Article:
A Distro (short for distribution) is a version of the Linux/Unix operating system bundled together. Which Distro the system administrator selects is largely dependent on the data center hosting the box and what they provide and support. This page provides some general info about the the currently supported distros and gives those who have a choice some more information to help make a decision.
When RedHat discontinued the RedHat Linux line it switched official support exclusively to Red Hat Enterprise Linux, RHEL is a COMMERCIAL product
which means that you have to purchase it with a paid subscription. RHEL comes in several versions depending on your needs and budget. RHEL is designed
to run web servers and is an excellent product if you are willing to pay for it. It is very stable and rock solid. Some DC's do not charge extra for it
and include the licensing fee with your server rental.
"CentOS is an Enterprise-class Linux Distribution derived from sources freely provided to the public by a prominent North American Enterprise Linux vendor. CentOS conforms fully with the upstream vendors redistribution policy and aims to be 100% binary compatible. (CentOS mainly changes packages to remove upstream vendor branding and artwork.) CentOS is free." (from the CentOS website).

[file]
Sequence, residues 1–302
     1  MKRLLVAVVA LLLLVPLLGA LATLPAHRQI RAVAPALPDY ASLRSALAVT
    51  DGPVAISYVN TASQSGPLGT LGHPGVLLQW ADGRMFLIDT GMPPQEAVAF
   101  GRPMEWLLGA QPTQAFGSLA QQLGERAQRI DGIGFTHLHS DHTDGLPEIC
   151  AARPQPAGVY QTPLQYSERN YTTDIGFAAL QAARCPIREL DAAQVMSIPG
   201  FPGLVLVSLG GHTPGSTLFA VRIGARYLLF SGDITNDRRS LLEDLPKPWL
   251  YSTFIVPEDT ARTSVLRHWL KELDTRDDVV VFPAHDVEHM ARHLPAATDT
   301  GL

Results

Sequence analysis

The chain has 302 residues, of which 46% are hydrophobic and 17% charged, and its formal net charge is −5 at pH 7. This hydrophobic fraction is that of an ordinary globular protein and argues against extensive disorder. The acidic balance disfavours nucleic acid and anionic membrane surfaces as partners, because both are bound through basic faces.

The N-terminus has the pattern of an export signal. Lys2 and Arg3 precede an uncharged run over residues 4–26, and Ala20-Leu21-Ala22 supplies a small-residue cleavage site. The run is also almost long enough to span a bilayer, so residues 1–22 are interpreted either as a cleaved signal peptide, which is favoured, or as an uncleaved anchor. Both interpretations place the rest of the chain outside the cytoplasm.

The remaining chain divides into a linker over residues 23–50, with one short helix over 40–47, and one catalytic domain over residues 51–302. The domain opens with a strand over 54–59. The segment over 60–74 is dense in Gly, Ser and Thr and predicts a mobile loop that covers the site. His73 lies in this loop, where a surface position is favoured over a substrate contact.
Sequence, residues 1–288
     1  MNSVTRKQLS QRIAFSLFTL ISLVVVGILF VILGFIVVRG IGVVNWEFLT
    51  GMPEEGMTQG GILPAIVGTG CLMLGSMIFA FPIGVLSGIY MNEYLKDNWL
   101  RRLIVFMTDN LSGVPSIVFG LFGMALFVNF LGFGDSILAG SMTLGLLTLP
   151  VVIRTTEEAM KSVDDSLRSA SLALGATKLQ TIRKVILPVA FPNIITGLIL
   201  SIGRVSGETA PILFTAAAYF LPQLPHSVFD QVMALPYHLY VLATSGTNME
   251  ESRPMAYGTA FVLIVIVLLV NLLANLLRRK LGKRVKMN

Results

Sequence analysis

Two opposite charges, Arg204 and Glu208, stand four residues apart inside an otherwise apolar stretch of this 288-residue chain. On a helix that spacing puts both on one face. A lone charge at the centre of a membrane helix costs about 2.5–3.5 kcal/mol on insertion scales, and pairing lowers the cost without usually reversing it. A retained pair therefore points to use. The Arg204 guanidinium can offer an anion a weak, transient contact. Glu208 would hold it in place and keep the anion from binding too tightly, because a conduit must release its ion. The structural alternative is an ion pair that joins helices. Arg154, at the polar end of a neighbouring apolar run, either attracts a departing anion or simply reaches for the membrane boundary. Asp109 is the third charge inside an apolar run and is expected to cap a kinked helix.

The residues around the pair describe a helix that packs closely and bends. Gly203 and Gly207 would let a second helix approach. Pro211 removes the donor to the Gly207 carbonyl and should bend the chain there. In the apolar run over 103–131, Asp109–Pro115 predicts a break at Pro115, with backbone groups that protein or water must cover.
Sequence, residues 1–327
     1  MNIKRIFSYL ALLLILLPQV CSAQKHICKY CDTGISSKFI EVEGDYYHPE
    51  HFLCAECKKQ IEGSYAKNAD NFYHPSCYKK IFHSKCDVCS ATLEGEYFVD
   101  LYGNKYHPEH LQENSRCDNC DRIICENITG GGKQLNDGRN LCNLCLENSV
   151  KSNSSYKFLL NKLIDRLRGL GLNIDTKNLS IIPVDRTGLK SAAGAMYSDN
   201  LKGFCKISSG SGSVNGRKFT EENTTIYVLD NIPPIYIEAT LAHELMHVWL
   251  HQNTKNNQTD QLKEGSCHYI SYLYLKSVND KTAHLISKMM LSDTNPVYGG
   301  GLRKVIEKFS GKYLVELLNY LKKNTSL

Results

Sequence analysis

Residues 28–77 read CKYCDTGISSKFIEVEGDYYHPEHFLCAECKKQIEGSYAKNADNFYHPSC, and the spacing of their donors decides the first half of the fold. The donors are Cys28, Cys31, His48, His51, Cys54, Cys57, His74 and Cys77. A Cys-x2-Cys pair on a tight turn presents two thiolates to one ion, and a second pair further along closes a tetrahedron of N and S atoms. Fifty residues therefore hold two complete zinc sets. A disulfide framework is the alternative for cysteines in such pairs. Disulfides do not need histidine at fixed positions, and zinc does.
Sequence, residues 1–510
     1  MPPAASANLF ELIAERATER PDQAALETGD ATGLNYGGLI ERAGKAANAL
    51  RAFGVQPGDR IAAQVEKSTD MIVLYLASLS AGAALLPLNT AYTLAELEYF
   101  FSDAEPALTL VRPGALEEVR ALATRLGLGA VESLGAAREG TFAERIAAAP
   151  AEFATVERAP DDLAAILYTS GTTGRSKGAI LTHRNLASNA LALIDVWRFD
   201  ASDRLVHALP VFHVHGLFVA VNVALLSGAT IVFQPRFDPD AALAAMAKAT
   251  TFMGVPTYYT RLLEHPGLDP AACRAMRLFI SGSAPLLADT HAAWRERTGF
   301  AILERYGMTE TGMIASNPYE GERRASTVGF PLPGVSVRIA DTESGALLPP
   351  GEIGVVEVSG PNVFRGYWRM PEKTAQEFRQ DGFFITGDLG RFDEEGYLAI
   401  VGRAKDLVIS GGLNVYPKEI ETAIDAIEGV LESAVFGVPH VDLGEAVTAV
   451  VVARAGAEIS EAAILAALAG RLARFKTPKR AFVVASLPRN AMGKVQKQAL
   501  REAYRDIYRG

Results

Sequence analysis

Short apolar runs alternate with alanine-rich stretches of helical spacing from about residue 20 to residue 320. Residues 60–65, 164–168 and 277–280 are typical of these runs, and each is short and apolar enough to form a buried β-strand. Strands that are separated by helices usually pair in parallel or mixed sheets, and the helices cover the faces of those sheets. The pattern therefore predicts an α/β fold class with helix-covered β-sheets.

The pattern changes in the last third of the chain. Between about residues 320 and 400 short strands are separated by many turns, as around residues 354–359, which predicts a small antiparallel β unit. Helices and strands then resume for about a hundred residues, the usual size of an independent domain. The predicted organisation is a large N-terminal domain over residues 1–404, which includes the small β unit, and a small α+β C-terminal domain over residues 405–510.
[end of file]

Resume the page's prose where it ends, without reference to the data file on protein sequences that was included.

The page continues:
For each major release, the source code must be acquired, the necessary (generally minor) changes made, and the rpms created. Then they must be extensively tested and tweaked before they can officially be considered supported. In some cases changes to InterWorx itself must be made but at the same time the developers need to make sure that these changes do not break anything on one of the other supported distros because the core InterWorx rpm's are not distro specific.
The speed at which we support these Distributions is based on the demand. Most major hosting companies seem to prefer RPM-based distributions such as Red Hat EL and CentOS so for now our focus is primarily concerned with those.
CentOS is a clone of RHEL and the two are 100% binary compatible. What that means is that RPM's created for RHEL work on CentOS and vice versa. CentOS rpm's even incorporate the rhel into the filenames. Our CentOS rpm repository is actually a symlink to our RHEL repository on the updates server.